Tarso Toh

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  • Country
  • Volcanic Region
  • Primary Volcano Type
  • Last Known Eruption
  • 21.33°N
  • 16.33°E

  • 2000 m
    6560 ft

  • 225009
  • Latitude
  • Longitude

  • Summit
    Elevation

  • Volcano
    Number

The Global Volcanism Program has no activity reports for Tarso Toh.

The Global Volcanism Program has no Weekly Reports available for Tarso Toh.

The Global Volcanism Program has no Bulletin Reports available for Tarso Toh.

The Tarso Tôh Pleistocene-to-Holocene volcanic field in the NW part of the Tibesti Range of Chad contains 150 scoria cones and two maars. Basaltic lava flows of the Tarso Tôh volcanic field fill valleys and plains over an area of 80 km in an E-W direction and 20-30 km in a N-S direction in the arid Tibesti Range north of the more well-known Tarso Toussidé volcano. The flows were erupted over a basement of Precambrian schists on the east and Paleozoic sandstones on the west. Sediments within the Begour maar were radiocarbon dated at 8300 +/- 300 years (Hagedorn and Jakel, 1969).

The Global Volcanism Program is not aware of any Holocene eruptions from Tarso Toh. If this volcano has had large eruptions (VEI >= 4) prior to 10,000 years ago, information might be found on the Tarso Toh page in the LaMEVE (Large Magnitude Explosive Volcanic Eruptions) database, a part of the Volcano Global Risk Identification and Analysis Project (VOGRIPA).

This compilation of synonyms and subsidiary features may not be comprehensive. Features are organized into four major categories: Cones, Craters, Domes, and Thermal Features. Synonyms of features appear indented below the primary name. In some cases additional feature type, elevation, or location details are provided.


Craters

Feature Name Feature Type Elevation Latitude Longitude
Begour Maar
Small cinder cones and lava flows of the Tarso Tôh volcanic field can be seen in the large darker-brownish area at the center of this NASA Landsat image. This Pleistocene-to-Holocene volcanic field in the Tibesti Range of Chad covers a 30 x 80 km area and contains 150 scoria cones and two maars. Basaltic lava flows at Tarso Tôh were erupted over a basement of Precambrian schists and Paleozoic sandstones. The black lava flows at the very bottom-center are distal lava flows from Tarso Toussidé volcano.

NASA Landsat7 image (worldwind.arc.nasa.gov).

The following references have all been used during the compilation of data for this volcano, it is not a comprehensive bibliography. Discussion of another volcano or eruption (sometimes far from the one that is the subject of the manuscript) may produce a citation that is not at all apparent from the title.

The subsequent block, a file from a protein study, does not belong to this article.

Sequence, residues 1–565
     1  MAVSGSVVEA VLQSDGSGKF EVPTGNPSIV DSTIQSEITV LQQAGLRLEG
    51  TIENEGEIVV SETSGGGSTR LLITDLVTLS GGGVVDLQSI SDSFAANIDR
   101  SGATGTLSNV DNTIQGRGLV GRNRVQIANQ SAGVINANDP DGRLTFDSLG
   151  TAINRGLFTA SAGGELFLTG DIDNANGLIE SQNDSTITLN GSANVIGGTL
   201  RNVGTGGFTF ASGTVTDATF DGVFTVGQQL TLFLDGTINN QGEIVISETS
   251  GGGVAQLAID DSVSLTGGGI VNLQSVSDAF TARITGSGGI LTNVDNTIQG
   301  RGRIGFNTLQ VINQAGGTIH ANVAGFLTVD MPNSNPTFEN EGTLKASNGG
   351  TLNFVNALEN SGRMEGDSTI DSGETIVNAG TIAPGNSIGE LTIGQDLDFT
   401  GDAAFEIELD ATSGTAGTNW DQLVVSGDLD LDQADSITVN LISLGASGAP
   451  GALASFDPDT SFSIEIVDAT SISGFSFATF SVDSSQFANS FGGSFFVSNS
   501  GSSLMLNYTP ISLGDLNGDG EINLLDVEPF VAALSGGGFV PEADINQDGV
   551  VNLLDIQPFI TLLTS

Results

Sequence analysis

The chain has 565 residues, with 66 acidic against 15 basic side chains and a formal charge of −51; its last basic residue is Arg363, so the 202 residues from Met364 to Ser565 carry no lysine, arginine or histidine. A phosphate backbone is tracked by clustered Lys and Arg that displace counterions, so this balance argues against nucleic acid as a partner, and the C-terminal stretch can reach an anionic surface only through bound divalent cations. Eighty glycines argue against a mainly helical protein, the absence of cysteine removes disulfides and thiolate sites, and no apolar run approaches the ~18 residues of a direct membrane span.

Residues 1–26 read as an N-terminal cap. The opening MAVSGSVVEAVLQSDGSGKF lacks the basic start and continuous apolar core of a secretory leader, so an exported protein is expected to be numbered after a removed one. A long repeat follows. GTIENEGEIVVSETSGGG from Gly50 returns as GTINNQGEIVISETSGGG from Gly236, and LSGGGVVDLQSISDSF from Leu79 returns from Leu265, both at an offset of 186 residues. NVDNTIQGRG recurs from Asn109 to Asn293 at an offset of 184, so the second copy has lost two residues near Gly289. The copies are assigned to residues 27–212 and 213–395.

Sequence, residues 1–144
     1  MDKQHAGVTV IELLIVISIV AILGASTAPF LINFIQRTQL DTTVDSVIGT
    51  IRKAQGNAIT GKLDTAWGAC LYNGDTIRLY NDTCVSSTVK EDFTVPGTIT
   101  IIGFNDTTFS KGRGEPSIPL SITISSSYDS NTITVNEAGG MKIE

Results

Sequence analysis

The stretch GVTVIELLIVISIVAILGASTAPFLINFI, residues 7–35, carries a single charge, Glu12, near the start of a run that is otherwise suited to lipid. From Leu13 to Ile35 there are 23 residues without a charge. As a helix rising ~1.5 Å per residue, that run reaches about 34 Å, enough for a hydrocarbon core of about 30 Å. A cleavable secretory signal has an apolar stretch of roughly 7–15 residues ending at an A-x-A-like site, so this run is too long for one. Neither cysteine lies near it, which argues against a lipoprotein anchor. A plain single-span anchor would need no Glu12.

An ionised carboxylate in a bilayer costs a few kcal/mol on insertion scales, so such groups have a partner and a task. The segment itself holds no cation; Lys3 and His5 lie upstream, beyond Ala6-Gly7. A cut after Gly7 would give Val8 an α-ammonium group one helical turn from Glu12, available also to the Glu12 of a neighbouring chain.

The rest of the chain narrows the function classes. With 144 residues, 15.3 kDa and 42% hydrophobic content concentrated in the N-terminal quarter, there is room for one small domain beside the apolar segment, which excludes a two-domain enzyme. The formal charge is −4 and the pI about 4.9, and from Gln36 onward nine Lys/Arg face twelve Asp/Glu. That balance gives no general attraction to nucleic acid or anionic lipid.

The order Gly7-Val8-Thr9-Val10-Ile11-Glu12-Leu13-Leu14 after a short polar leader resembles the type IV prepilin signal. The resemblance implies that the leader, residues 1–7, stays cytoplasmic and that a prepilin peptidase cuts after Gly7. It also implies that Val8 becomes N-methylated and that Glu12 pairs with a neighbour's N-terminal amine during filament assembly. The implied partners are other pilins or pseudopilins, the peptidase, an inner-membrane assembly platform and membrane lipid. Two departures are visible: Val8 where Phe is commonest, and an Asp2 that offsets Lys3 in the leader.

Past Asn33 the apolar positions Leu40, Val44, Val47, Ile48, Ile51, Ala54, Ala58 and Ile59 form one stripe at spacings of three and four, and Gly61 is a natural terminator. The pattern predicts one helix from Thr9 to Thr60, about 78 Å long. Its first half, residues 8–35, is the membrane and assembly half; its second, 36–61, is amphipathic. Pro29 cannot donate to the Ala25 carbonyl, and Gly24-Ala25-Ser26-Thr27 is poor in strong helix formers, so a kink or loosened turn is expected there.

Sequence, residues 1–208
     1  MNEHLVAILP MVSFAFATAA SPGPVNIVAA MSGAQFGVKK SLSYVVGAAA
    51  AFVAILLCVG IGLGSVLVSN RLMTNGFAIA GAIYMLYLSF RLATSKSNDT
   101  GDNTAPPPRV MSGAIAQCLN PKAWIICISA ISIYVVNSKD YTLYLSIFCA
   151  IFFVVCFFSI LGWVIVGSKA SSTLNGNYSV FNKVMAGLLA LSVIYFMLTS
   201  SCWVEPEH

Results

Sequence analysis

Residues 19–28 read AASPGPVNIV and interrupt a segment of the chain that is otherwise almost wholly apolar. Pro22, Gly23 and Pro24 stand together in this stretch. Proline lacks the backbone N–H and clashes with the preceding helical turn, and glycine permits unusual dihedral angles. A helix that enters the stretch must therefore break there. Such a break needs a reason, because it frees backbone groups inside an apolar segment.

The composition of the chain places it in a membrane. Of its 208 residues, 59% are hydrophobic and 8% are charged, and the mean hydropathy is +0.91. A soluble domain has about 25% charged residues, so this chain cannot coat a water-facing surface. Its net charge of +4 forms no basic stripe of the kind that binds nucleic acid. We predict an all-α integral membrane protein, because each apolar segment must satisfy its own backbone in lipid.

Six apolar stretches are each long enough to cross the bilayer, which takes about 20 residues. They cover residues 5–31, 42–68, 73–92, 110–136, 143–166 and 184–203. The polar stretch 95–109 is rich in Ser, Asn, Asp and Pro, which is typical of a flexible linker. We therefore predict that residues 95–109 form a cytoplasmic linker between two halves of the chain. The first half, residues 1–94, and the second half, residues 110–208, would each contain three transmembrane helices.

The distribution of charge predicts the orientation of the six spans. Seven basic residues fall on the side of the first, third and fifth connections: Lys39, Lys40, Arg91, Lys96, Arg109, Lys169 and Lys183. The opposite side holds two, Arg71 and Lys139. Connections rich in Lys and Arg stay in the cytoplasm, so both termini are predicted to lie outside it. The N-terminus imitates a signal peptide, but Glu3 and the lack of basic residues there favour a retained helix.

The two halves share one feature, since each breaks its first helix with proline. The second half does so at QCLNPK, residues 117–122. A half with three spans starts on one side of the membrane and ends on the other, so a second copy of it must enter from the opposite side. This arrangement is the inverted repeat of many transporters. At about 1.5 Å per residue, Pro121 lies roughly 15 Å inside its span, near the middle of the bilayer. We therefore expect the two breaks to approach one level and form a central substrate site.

Geze B, Hudeley H, Vincent P, Wacrenier P, 1959. Les volcacans du Tibesti (Sahara du Tchard). Bull Volc, 22: 135-172.

Permenter J L, Oppenheimer C, 2007. Volcanoes of the Tibesti massif (Chad, northern Africa). Bull Volc, 69: 609-626.

Vincent P M, 1963. Les volcans Tertiares et Quaternaires de Tibesti occidental et central (Sahara du Tchad). Mem Bur Recherche Geol Min, 23: 1-307.

Vincent P M, 1992. . (pers. comm.).

Volcano Types

Volcanic field

Tectonic Setting

Intraplate
Continental crust (> 25 km)

Rock Types

Major
Basalt / Picro-Basalt

Population

Within 5 km
Within 10 km
Within 30 km
Within 100 km
0
0
0
4,088

Affiliated Databases

Large Eruptions of Tarso Toh Information about large Quaternary eruptions (VEI >= 4) is cataloged in the Large Magnitude Explosive Volcanic Eruptions (LaMEVE) database of the Volcano Global Risk Identification and Analysis Project (VOGRIPA).
WOVOdat WOVOdat is a database of volcanic unrest; instrumentally and visually recorded changes in seismicity, ground deformation, gas emission, and other parameters from their normal baselines. It is sponsored by the World Organization of Volcano Observatories (WOVO) and presently hosted at the Earth Observatory of Singapore.
EarthChem EarthChem develops and maintains databases, software, and services that support the preservation, discovery, access and analysis of geochemical data, and facilitate their integration with the broad array of other available earth science parameters. EarthChem is operated by a joint team of disciplinary scientists, data scientists, data managers and information technology developers who are part of the NSF-funded data facility Integrated Earth Data Applications (IEDA). IEDA is a collaborative effort of EarthChem and the Marine Geoscience Data System (MGDS).
Smithsonian Collections Search the Smithsonian's NMNH Department of Mineral Sciences collections database. Go to the "Search Rocks and Ores" tab and use the Volcano Name drop-down to find samples.